Today’s guest is Nicole Newlin. As vp of solutions at Ocrolus, which provides fintech infrastructure for data analysis, she runs the team that handles client onboarding and integration.
Nicole is also NYC Fintech Women’s newest board member. She describes her personal journey as a woman rising through the ranks within fintech. Nicole also shares her plans to extend NYC Fintech Women’s reach through things like education, community and coaching. I ask her for career advice she’d give her younger self.
I oversee the team that handles all of client onboarding and integration, as well as account management and client success. We’re the client-facing team at Ocrolus. It’s been a great opportunity to use a lot of my skillset.
I started out in brokerage and banking and wore a lot of different hats. It was great to see how these skills transitioned nicely into fintech. I found that a lot of the relationship management, organization and structure building was very valuable to fintechs.
I literally fell into fintech. I left the bureaucracy of large asset managers and decided to start consulting on my own. I was fortunate to have a lot of connections. A friend of mine was working at Quovo and they were looking for someone to help create structure around the large enterprise clients they were starting to bring onboard. I cut my teeth there, beginning as a consultant.
The first year was great — I learned so much. I stayed on through the Plaid acquisition. I thought to myself — this is where it’s at for me. I love it — I love the energy and the ability to create structure while maintaining flexibility and fun. I love the people I work with at Ocrolus. I can’t say enough about them.
NY Fintech Women
When I started at Quovo, we had a ton of talented young women who were just getting started in their careers. We started building an internal team that met regularly, talked, and hosted book clubs. We built an environment where we could have camaraderie. One of the women at Quovo, Sasha, was also the founder of NYC Fintech Women. I joined the organization because I was looking for a broader network for myself. I was looking for coaching, guidance and mentoring within fintech.
I started going to events. Last year, Sasha asked me to join the board to help built out the New York experience. It’s been a load of fun. We have over 5000 members now. I’ve never seen a group of women on the leadership team who work so hard and give so much to a volunteer organization. We have regular board meetings, our own Slack channel, and emails. We are constantly brainstorming ideas and coming up with the next thing we want to do for our members.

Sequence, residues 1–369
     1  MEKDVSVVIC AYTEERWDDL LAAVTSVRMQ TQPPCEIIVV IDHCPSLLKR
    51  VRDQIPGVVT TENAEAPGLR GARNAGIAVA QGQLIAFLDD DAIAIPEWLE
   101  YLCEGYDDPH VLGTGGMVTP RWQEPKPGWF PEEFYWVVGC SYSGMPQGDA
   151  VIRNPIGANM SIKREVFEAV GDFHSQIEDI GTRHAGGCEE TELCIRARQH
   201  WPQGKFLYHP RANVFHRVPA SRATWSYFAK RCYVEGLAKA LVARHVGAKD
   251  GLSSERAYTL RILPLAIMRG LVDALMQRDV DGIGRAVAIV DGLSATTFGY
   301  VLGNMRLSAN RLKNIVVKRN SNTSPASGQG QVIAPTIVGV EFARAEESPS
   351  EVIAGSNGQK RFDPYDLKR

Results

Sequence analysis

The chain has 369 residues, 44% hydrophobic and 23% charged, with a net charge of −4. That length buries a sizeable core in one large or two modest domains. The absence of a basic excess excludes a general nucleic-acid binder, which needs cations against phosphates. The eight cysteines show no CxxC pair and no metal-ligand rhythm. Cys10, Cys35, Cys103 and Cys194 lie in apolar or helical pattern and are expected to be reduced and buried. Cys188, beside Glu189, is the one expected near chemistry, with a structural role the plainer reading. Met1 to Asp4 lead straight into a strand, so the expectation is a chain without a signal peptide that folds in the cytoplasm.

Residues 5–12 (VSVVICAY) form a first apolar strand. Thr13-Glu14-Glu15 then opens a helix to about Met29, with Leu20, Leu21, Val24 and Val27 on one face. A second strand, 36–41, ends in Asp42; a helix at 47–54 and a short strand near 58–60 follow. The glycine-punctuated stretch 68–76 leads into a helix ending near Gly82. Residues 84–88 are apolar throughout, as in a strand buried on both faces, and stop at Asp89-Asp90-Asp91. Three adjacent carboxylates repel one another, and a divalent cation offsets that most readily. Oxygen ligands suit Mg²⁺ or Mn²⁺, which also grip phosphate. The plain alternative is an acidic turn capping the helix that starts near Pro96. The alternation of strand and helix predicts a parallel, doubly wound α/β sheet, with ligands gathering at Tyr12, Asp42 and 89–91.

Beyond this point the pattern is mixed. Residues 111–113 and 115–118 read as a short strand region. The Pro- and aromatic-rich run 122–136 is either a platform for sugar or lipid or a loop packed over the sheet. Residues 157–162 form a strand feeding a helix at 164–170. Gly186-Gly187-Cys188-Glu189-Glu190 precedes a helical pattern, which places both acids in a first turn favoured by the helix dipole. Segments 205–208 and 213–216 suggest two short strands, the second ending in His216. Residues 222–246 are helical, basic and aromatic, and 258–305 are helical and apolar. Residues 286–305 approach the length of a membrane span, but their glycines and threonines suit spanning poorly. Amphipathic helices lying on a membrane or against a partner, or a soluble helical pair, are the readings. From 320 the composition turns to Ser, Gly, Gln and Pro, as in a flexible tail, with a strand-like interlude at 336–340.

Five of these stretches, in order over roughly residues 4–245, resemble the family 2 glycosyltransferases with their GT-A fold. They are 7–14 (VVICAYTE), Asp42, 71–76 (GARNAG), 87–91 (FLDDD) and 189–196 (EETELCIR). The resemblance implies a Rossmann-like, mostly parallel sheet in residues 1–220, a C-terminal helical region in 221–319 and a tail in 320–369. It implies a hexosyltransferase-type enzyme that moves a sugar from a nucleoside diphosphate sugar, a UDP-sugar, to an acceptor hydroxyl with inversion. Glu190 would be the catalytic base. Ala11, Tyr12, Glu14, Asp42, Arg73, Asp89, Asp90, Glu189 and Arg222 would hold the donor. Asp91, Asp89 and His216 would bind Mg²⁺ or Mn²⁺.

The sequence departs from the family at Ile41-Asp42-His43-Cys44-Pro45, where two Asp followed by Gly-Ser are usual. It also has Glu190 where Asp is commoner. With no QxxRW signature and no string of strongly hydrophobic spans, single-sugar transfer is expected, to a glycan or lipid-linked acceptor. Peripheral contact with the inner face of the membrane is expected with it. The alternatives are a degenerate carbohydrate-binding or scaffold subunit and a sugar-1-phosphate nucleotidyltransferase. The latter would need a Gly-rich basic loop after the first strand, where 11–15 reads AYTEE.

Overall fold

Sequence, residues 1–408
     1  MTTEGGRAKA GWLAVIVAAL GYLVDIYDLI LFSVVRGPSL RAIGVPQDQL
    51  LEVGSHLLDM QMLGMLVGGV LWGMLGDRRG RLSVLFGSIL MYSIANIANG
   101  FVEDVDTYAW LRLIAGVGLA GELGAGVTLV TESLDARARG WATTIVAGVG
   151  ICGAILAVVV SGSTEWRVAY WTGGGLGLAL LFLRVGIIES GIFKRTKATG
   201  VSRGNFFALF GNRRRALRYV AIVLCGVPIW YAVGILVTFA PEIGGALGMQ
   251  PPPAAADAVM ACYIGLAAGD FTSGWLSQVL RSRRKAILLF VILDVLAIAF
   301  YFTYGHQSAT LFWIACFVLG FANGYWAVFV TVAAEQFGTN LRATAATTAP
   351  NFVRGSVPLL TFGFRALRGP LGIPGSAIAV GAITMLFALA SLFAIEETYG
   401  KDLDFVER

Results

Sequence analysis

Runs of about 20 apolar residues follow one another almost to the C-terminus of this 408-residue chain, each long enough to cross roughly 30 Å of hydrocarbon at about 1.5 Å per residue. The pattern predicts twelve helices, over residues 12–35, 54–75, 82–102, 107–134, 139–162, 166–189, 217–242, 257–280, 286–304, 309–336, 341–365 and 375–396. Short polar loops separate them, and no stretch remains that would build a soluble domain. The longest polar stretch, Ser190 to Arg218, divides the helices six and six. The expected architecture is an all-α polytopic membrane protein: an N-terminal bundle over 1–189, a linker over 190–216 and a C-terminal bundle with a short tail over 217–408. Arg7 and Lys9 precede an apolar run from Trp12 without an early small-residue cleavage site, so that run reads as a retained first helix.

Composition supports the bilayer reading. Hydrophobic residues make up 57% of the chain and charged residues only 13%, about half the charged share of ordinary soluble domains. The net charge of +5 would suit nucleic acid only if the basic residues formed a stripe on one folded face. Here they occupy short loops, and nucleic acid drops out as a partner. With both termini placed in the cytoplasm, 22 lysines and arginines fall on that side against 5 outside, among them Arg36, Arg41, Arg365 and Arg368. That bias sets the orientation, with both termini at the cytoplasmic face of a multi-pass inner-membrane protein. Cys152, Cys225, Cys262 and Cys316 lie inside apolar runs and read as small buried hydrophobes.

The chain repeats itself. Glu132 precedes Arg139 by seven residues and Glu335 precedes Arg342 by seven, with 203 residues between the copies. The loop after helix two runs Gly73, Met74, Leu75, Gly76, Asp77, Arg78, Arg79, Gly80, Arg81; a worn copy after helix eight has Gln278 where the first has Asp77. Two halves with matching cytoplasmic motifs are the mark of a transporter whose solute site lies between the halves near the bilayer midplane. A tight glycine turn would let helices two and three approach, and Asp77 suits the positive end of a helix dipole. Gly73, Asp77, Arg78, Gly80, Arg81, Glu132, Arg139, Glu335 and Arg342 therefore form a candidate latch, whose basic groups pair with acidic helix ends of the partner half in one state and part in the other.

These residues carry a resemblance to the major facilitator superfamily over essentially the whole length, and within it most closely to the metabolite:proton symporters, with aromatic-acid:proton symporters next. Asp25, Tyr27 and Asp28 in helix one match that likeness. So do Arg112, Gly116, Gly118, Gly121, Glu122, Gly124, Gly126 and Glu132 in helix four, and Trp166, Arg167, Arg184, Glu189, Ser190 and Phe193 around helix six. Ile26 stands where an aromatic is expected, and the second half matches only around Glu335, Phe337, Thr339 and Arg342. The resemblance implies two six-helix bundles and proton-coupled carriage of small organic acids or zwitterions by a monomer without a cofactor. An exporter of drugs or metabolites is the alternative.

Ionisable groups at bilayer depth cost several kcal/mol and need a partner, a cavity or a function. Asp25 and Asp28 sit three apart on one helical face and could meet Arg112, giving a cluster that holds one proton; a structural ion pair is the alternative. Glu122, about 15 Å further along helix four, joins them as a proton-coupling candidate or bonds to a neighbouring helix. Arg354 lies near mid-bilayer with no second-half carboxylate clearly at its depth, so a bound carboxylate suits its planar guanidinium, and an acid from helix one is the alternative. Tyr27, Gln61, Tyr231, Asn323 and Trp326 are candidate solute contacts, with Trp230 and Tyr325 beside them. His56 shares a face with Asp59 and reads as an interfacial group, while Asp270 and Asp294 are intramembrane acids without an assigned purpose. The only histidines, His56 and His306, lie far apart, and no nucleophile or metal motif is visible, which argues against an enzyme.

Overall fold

The challenges are similar in fintech. That was surprising for me. Coming from a traditional financial services background, I was used to being the only woman at the table. I thought that was what happened in that world. I made the assumption that in fintech and startups, it must be different. Everyone is so young and cool and they’re not worried about what we worried about in the traditional finance world. They’re thinking about clients and are focused on work culture.
It’s still similar in that when you go to hire, you look within the group you know — the board, your VC or your schoolmates. If you’re not recruiting outside your scope, it’s the same sort of scenario. That’s one part that surprised me.
No matter how hard we’re looking for women in engineering or data science, it’s hard to find diversity. It’s getting better but there’s still a lot of work to be done. We need to do a better job educating a diverse population.
Planning for the future
Like everyone else, we had big plans before the pandemic. We’re still very much interested in starting a San Francisco chapter. Education and helping people find jobs is definitely a focus.
In New York, we have talked a lot about expanding the mentor program. We’ve polled our members and talked to them, and everyone has a different reason that they’re coming to NYC Fintech Women. Some are looking to similar people in their age group, looking to network. We need to do a better job helping them.
Some are looking for jobs. We have helped connect people looking for jobs with people hiring. We have a job board that we are trying to make more innovative. We want to create opportunities to connect, so that it isn’t just a crapshoot.
We’re also exploring a whole virtual concept where we can collaborate with other organizations that can bring skillsets that we don’t necessarily have. Where we can do Ted Talks, roundtables, things of that nature in this virtual environment.
We built a mentoring program with Lendit that kicked off a couple of months ago. We also started office hours with one of our members who’s lead counsel to give legal advice to help our members thinking of starting their own companies. Maybe this kicks off another round of founder roundtables where those women looking for each other can find each other.
We have a lot of great women and data. Our focus is on how to better connect people so they get what they’re looking for.
Career advice to a younger self
A lot of women ask me about this. Don’ think people know what you want to do or what you’re interested in just based off your actions. I can think of a handful of times that I thought, I am just killing it. I’m doing everything that I’m supposed to be doing. I expected to get that next job or they will tap me for that project. I didn’t end up getting the opportunity and I found out later that no one knew that I had aspirations for any of the things I was conjuring up in my mind. I confused hard work and not speaking up — it should just be obvious to everyone.
It’s hard to put what you want out there. But just do it. What’s the worst that could happen? They’ll say no? Who cares. Your ego will be bruised? Who cares. Welcome to life. Looking back, I wonder if I had just said something, if it could have had a completely different type of ending.